Miletos which is in the vicinity of Söke, was on the seashore in the ancient times. The Miletos people who had founded about 90 colonies in the Mediterranean and Black Sea regions, after 650 B.C, had resisted the Persian invasions in Anatolia, but they were defeated finally and the city was destroyed by the Persians.
When you arrive at the zone of the ruins, the magnificent theater of the city appears in sight at first. The theater had been constructed during the Hellenistic period and, it acquired its present characteristics by means of the annexes made during the Roman period. The walls of the front facade of the theater, are 140 m long and 30 m high, and are an interesting example of stone workmanship. This theater was large enough to hold 15.000 people, and a fortress was built upon it during the Byzantine period.
Priene which is in Güllübahçe at a distance of 15 km from Söke, was carried to its present locality in the year 350 B.C. from the original place where it had been founded earlier. At the point of entrance of the ruins, a road on the right leads us to the Theater of Priene.The theater had been built during the Hellenistic period, and underwent modifications during the Roman period.
The theater consists of 50 rows of seats and is capable of holding 5.000 people and, in the section of the orchestra of the theater, there are marble armchairs reserved for eminent people. On the right side of the theater, the Themenos of Egyptian Gods is situated. The upper Gymnasium is in front of the theater and the Byzantine church is at its side. You pass to the famous Temple of Athena from here. The Temple of Athena belongs to the 4th century B.C. and it is the work of the architect Pytheos. The temple, with 6 x 11 columns, has dimensions of 19.55 x 37.20 m. A few columns of the temple, which is a classical example of Ionian architecture, have been erected.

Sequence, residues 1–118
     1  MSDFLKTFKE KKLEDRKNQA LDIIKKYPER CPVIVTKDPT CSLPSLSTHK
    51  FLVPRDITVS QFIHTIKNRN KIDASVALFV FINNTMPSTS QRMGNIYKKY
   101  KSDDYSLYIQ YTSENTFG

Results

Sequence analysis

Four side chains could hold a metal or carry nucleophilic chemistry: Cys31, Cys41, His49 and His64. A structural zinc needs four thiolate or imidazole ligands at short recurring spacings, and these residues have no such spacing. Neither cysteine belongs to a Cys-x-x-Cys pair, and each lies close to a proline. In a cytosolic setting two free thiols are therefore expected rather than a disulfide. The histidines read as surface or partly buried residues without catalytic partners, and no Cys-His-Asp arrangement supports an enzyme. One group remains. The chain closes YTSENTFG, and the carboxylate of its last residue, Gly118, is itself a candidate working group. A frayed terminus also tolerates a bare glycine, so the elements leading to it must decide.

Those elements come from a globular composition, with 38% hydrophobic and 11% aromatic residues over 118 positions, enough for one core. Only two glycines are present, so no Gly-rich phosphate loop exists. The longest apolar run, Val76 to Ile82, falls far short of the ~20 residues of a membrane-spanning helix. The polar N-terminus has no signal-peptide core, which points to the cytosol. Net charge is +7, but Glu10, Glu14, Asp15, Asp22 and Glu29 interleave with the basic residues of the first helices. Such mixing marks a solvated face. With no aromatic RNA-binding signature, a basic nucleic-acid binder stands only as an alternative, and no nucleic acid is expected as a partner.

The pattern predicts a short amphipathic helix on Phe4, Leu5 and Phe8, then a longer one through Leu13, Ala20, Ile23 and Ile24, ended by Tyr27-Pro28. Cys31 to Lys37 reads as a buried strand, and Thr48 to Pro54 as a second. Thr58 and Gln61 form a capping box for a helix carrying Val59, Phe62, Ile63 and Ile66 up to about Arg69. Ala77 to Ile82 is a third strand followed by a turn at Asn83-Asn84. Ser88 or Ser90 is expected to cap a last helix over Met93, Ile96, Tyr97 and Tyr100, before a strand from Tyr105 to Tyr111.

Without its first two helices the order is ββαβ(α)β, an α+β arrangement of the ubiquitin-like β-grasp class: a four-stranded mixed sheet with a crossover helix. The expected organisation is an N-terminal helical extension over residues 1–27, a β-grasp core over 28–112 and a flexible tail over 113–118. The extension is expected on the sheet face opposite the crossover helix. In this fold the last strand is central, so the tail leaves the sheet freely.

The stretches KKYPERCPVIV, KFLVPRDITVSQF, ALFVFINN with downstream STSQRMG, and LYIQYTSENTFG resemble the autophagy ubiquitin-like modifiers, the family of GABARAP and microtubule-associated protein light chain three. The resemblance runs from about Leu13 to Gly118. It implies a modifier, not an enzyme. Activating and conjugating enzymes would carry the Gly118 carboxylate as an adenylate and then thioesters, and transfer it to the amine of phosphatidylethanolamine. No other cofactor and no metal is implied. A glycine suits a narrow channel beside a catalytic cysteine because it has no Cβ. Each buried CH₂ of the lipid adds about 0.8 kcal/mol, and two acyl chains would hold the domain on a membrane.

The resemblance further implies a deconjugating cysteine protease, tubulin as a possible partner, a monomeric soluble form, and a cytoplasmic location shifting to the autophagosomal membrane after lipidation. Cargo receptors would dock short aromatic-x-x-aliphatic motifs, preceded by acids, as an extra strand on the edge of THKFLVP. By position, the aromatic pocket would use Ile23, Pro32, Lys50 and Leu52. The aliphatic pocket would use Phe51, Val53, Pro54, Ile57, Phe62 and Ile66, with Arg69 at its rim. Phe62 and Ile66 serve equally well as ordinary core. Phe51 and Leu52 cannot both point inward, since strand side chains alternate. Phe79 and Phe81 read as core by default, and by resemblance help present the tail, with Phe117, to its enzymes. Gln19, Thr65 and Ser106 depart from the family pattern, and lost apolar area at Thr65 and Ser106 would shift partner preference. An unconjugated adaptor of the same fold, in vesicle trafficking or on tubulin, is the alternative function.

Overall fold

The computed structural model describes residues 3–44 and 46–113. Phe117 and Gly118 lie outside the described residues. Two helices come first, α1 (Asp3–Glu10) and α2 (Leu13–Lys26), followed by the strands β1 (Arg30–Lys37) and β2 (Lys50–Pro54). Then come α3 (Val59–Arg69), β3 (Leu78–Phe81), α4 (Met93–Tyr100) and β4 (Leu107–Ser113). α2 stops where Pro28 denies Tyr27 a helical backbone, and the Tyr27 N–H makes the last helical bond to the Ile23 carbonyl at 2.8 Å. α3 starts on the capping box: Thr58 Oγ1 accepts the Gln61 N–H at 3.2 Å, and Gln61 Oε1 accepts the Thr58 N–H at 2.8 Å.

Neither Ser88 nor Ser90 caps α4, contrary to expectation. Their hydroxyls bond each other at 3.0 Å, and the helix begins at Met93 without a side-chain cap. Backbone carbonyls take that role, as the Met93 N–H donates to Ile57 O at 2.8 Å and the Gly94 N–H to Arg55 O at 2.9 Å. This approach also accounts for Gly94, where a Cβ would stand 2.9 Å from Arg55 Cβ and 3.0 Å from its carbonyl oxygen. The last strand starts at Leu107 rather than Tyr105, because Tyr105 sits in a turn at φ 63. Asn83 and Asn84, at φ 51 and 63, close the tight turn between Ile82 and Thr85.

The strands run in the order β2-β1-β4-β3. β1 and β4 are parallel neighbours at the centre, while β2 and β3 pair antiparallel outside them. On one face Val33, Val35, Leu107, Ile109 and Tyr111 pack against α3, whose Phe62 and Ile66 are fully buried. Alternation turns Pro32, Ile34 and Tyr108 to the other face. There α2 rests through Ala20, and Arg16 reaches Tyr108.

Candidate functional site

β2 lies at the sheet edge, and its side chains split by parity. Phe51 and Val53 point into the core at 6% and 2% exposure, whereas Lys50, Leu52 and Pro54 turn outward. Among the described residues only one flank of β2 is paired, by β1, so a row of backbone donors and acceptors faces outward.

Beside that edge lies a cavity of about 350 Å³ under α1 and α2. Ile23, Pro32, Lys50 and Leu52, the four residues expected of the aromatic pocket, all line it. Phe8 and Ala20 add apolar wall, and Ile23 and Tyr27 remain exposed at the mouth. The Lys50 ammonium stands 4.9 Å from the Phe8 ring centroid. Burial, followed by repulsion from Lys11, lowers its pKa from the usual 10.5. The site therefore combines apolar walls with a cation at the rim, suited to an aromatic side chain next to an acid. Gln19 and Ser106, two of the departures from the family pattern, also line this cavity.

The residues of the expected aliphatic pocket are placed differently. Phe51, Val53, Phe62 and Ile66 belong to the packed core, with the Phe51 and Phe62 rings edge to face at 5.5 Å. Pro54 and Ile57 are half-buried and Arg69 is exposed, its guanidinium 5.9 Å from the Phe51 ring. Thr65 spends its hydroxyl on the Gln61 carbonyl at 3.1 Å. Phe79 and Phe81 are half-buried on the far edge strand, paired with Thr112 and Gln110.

Alexander the Great had the eastern half of the temple completed. The altar in the front was decorated with high reliefs in the past, and it belongs to the 2nd century B.C. The Stoa that displays a graceful example of stone-workmanship, is on the south of the Temple of Athena. When you go downwards from the temple, you see the Agora of Priene which belongs to the 3rd century B.C. The sacred Stoa belonging to the 2nd century B.C., is situated north of the Agora. Bauleuterion (the assembly building) which looks like a small theater, with dimensions of 20 x 21 m and capacity for 640 people, is adjacent to the Stoa and, adjacent to it, there is Prytaneion (2nd century B.C.) where the sacred fire used to burn. Temenos of Zeus Olympios and the food market are situated east and west of the Agora respectively. There are houses on two sides of the avenue which connects the Agora to the western gate. Temenos of Kybele and the house of Alexander the Great, are situated at the western gate side of the avenue. In the extreme south of Priene, the lower Gymnasium and the Stadium are situated.
Didyma, on the west coast of Turkey, was an important sacred site in the ancient Greek world. Its famous oracle and Temple of Apollo attracted crowds of pilgrims and was second in importance only to Delphi. Today, the temple's magnificent ruins still attract thousands of visitors - Didyma is one of the most popular tourist destinations in Turkey. The modern name of the town is Didim.
Didyma means "twin" and refers to the twins Apollo and Artemis, who were born to Zeus and Leto. The Temple of Artemis was in the nearby city of Miletus, while the much more important Temple of Apollo was in Didyma.
The Temple of Apollo at Didyma, also known as the Didymaion, has a long history. Pausanias (c. 160 AD) said the Didymaion was constructed before Greek colonization (10th century BC), and some date it to the 2nd millennium BC.